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Spring refresher: 10 media relations dos and don’ts


Spring is here in full force. The birds are singing, the flowers are starting to bloom, and the thoughts of many turn to spring cleaning. 

On that note, we in PR might think about “freshening up” our media relations skills. Media relations is an integral part of PR, but are your tactics helping or hurting your efforts? 

There are myriad approaches to media relations. Yours can determine whether you get media coverage—or if you get no response (or maybe simply a “no”). 

So, in the spirit of helping you improve your media relations skills, here are some simple “dos and don’ts” for effective media outreach: 

DO provide valuable content: That includes offering customer references and visuals, as well as including numbers, such as time or money saved, in your pitch. 

DON’T forget to respond promptly when a deadline is involved: I stress this to clients—media opportunities are a “drop everything” kind of situation. You can’t wait until next week to respond if the reporter has given you a deadline of noon tomorrow. 

DO follow up: One contact isn’t going to cut it when it comes to reaching out to journalists. They receive hundreds of email pitches each week, so yours could easily get lost in their inbox. Follow up appropriately via email, or perhaps even social media or a phone call when warranted. 

DON’T be a pest: On that note, reporters generally prefer email to phone calls, which is good to keep in mind before you pick up the phone. On the other hand, there are situations when it’s appropriate to make a call. Do avoid leaving too many phone messages, however. 

DO proofread your pitch before sending: Few things will take you down faster than failing to proof (and proof again) before you send your pitch. If it’s filled with misspellings, grammatical errors, and the like, no reporter will take you seriously. (I know this seems like PR 101, but it can’t be overstated.)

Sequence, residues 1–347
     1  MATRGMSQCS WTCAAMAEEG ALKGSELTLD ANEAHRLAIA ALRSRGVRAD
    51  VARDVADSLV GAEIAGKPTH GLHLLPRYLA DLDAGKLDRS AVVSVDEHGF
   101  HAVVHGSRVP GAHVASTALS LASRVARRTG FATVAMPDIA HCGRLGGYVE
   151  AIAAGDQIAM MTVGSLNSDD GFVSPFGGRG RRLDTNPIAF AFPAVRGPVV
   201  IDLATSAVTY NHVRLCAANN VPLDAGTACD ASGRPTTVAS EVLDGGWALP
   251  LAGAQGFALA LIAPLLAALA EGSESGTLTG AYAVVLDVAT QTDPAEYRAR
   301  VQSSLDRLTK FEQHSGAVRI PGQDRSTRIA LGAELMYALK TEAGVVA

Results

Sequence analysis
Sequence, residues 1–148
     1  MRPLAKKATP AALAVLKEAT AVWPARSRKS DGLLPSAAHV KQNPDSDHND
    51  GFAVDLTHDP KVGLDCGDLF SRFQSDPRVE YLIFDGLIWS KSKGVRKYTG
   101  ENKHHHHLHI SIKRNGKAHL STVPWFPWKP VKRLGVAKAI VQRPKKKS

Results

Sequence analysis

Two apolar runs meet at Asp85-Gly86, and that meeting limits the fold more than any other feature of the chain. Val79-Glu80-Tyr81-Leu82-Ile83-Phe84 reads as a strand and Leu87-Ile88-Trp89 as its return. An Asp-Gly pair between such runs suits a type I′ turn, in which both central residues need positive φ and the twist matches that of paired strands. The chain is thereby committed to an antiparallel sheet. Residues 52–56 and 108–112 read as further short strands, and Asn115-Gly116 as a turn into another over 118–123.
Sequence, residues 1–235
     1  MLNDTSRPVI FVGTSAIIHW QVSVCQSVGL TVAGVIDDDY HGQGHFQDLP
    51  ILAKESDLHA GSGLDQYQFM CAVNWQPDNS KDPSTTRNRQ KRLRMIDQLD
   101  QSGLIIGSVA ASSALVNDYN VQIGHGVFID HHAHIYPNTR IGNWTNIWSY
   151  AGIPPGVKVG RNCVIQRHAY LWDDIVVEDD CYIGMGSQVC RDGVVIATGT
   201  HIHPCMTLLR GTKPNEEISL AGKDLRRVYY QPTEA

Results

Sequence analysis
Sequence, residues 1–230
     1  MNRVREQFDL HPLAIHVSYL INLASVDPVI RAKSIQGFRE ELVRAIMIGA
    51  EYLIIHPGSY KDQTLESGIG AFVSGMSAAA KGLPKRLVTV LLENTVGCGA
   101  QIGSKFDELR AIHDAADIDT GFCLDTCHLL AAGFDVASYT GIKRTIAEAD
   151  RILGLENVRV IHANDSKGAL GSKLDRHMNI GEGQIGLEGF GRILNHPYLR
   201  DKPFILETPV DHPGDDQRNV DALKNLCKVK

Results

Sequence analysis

DON’T forget that the media will want to know who your client’s competition is: I’ve worked with companies who believe they have no competition. Trust me, if you tell reporters this, they might laugh in your face—and they’ll lump your client in with other companies anyway, so it’s best to just map it out for them if asked. 

DO be service-oriented: Offer your client as a resource for any upcoming stories that might provide a great fit. Then, provide anything they request in a timely fashion. I always look at it as if reporters are my clients, too, and I treat them that way. 

DO be respectful of their time: Reporters are busy people. If you’re lucky enough to get their ear (or eye, when it’s email), try to keep it brief and get to the point. Don’t prattle on about everything under the sun. 

DO thank them for their time: Always remember that the reporter’s time is valuable and thank him or her for it. If they do publish an article, it doesn’t hurt to send a note thanking them again. Share it on social media as another way to thank them. 

DON’T forget that this is about relationship-building: Relationships take time. Get to know journalists, and allow them to get to know you. Providing them with valuable news and information will go a long way toward building a lasting relationship.

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